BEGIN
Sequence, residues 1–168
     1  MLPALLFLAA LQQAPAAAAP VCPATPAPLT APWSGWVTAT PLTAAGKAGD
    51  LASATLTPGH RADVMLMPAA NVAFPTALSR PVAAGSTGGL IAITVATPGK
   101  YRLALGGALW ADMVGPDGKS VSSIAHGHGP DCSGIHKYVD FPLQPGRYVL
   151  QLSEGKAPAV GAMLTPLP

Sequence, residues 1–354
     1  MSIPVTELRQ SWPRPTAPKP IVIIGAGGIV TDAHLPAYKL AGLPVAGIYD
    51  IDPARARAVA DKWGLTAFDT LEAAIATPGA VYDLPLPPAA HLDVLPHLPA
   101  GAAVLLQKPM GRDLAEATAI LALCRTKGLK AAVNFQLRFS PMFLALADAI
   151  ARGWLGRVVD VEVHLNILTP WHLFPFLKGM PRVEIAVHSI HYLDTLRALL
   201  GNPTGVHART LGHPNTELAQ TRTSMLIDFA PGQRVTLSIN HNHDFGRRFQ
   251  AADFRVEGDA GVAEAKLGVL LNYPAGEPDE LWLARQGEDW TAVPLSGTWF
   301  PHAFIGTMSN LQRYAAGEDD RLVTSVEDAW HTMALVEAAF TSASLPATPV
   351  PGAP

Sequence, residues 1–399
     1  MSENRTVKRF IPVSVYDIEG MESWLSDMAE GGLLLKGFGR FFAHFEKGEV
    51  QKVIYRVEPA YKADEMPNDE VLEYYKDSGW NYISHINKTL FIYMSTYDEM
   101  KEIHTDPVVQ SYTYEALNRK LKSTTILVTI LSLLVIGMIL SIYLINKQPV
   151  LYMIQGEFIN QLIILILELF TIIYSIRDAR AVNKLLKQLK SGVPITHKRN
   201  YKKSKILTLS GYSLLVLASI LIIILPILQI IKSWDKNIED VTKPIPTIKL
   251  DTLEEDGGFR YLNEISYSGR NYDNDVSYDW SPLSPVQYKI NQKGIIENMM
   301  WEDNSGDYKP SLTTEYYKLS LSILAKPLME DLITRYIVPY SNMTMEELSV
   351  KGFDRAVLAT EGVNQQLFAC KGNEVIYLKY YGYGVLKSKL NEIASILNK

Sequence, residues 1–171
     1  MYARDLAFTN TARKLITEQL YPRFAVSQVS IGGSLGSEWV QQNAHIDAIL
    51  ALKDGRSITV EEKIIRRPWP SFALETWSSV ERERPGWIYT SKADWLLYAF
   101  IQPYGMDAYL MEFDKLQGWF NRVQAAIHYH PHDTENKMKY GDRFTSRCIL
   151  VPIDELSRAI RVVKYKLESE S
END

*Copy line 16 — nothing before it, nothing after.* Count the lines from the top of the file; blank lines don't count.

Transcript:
     1  MSENRTVKRF IPVSVYDIEG MESWLSDMAE GGLLLKGFGR FFAHFEKGEV